Goodman Reviews Garfield

Not really Chinese philosophy, but very interesting on comparative philosophy….

Notre Dame Philosophical Reviews

2015.09.02 View this Review Online   View Other NDPR Reviews

Jay L. Garfield, Engaging Buddhism: Why It Matters to Philosophy, Oxford University Press, 2015, 376pp., $29.95 (pbk), ISBN 9780190204341.

Reviewed by Charles Goodman, Binghamton University

Over the past few decades, it has gotten easier and easier for analytically trained philosophers to engage with the Buddhist tradition and learn something in the process. Of the scholars whose diligent efforts have made this development possible, one of the most important is Jay L. Garfield, whose writings on the subject draw both on his mastery of Western philosophy and on his rigorous and long-sustained engagement with the Tibetan Buddhist tradition. His valuable new book admirably serves its purpose of helping analytic philosophers understand some of what Buddhists have written about the very questions they study. In fact, Engaging Buddhism goes further, giving strong reasons to believe that contemporary physicalist philosophers of mind could strengthen their positions in important ways by drawing on Buddhist thought and that analytic philosophers more generally can find valuable insights in the Buddhist tradition.

This book has many strengths. The writing is crisp, technically precise, yet elegant and engaging. The discussion is at its very best when it draws on Garfield’s impressive expertise in the philosophy of mind, but the whole book benefits from his wide-ranging and deep knowledge of Western thought. The coverage of Buddhism is broad both geographically and historically as he engages not only with Indian but also Tibetan and even Chinese and Japanese sources. Garfield is constantly aware of, and frequently calls the reader’s attention to, the differences between the various traditions of Buddhist thought. He is especially strong in bringing out the diversity of the Tibetan tradition. The discussion explicitly and carefully distinguishes the core teachings that are widely accepted among Buddhists from the areas of controversy and disagreement within the tradition. Garfield has thought very carefully about how to translate Buddhist technical terms with English words that play similar philosophical roles, avoiding the tendency of some translations to mislead Westerners about the structure of Buddhist views. Though the presentation is pitched at an appropriate level for philosophically educated non-specialists, Garfield frequently offers striking interpretive insights that will be of benefit even to those most familiar with Buddhist thought.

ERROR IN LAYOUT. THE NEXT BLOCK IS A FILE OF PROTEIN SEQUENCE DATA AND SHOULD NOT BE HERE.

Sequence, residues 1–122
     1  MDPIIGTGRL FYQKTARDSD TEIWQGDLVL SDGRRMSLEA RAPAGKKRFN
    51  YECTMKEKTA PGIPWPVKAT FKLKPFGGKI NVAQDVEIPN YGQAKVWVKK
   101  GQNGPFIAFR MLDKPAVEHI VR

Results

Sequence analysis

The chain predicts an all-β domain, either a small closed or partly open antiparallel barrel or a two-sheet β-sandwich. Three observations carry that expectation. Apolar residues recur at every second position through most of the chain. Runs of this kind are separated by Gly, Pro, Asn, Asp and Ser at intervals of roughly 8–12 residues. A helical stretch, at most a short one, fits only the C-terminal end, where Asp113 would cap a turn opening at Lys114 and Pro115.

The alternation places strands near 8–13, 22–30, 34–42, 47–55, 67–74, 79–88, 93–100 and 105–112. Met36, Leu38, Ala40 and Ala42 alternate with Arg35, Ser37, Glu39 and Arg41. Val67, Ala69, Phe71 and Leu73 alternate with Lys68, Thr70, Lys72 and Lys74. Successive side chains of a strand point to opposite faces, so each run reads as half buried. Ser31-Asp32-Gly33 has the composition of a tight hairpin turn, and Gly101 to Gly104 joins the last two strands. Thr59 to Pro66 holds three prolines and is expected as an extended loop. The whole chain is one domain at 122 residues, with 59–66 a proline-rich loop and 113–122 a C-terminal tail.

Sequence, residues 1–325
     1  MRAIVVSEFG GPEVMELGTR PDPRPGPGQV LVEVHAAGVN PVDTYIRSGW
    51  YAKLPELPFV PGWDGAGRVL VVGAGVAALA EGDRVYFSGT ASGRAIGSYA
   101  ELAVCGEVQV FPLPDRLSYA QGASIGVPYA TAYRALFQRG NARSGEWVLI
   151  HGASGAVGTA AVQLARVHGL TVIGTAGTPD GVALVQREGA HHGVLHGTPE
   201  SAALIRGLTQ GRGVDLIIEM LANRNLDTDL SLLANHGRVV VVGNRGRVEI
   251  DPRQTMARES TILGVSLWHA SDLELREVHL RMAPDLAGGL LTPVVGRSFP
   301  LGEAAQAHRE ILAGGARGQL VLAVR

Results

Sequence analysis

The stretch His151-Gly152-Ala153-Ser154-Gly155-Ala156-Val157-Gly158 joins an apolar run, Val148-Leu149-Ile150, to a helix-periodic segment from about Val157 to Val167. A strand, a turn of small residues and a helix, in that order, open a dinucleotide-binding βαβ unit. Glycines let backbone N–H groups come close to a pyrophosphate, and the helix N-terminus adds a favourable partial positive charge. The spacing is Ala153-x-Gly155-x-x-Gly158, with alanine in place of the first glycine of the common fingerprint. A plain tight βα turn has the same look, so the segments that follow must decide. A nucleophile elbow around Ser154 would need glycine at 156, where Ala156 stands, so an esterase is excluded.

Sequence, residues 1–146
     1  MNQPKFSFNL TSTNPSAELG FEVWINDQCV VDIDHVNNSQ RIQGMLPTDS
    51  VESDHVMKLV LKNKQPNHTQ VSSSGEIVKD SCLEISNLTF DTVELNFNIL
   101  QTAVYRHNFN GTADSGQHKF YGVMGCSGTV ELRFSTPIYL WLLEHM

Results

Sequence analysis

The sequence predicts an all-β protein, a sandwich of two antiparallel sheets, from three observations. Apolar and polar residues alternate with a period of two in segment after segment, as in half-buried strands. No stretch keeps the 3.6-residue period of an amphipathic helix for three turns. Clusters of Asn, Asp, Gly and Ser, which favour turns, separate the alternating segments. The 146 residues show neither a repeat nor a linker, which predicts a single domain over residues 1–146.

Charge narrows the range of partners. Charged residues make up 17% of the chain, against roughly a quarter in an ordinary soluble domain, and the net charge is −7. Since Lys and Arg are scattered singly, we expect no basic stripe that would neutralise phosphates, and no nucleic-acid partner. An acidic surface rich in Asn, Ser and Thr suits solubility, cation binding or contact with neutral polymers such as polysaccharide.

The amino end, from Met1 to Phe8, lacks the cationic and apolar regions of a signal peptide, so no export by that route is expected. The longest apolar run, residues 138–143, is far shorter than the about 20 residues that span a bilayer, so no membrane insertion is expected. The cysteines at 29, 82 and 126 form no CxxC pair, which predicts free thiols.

Meanwhile, the weaknesses of the book are minor. For example, Garfield continues his longstanding habit of egregiously misspelling large numbers of Sanskrit and Pāli words, especially in the titles of texts. But this hardly matters since only specialists in the field will need the original-language titles or terms, and they can correct for these mistakes.